Missouri is No. 2
Missouri agriculture remains second in the number of farms in the U.S. with more than 95,000 farms on 27.8 million acres, according to the 2017 Census of Agriculture. The data showcases the state’s unique foothold in agriculture commodity diversity and ability to bring home the next generation of agriculture’s workforce.
Results from the latest census data, published in April by USDA’s National Agricultural Statistics Service, shows that soybean, corn, cattle, poultry and hog production account for 88 percent of Missouri agricultural sales. Specialty crops also thrive in the Show-Me State, home to several growing agricultural sectors, including elderberries, honey production, mushrooms, sheep and goats, among others.
Since the 2012 census, the average age of the Missouri farmer increased by one year to 59.4 years. However, farms specializing in the livestock sectors of hogs, dairy and poultry showed a significantly younger average age. Hog farms are made up of 25 percent young farmers, defined as 35 years or less. Data also showed that 16 to 20 percent of producers on dairy, poultry, sheep and goat farms are young farmers.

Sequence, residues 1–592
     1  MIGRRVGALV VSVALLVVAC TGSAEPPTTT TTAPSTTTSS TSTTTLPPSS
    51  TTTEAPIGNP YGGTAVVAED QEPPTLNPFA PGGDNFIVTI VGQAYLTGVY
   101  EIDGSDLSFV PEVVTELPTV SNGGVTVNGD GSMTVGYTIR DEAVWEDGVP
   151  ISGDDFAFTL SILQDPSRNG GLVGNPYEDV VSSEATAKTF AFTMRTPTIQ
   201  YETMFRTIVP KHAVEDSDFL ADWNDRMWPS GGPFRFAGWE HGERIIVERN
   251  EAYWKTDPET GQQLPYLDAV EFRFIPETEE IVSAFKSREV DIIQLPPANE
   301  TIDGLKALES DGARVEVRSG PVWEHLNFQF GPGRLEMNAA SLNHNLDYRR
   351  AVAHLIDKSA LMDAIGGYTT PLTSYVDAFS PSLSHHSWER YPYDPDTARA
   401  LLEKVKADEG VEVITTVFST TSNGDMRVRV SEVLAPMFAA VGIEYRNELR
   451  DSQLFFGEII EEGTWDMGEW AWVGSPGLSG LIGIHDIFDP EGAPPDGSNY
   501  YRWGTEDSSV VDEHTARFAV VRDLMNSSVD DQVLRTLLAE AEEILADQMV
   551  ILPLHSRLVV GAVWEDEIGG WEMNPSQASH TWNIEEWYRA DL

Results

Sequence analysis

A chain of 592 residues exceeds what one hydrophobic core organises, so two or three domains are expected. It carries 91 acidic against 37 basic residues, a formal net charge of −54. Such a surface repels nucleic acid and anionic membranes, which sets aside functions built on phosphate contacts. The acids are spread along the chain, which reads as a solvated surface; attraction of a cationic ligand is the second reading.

The data also confirmed the need for better connectivity in rural Missouri. The census revealed that only 73 percent of farms have access to some form of internet. Missouri farms rely predominately on mobile, DSL and satellite connections to gather, analyze and use their agricultural data.
The Census of Agriculture is a complete count of U.S. farms and ranches and the people who operate them. Even small plots of land—rural or urban—growing fruit, vegetables or some food animals count if $1,000 or more of such products were raised and sold, or normally would have been sold, during the census year. Taken only once every five years, the census looks at land use and ownership, operator characteristics, production practices, income and expenditures. For additional details, visit nass.usda.gov/AgCensus.
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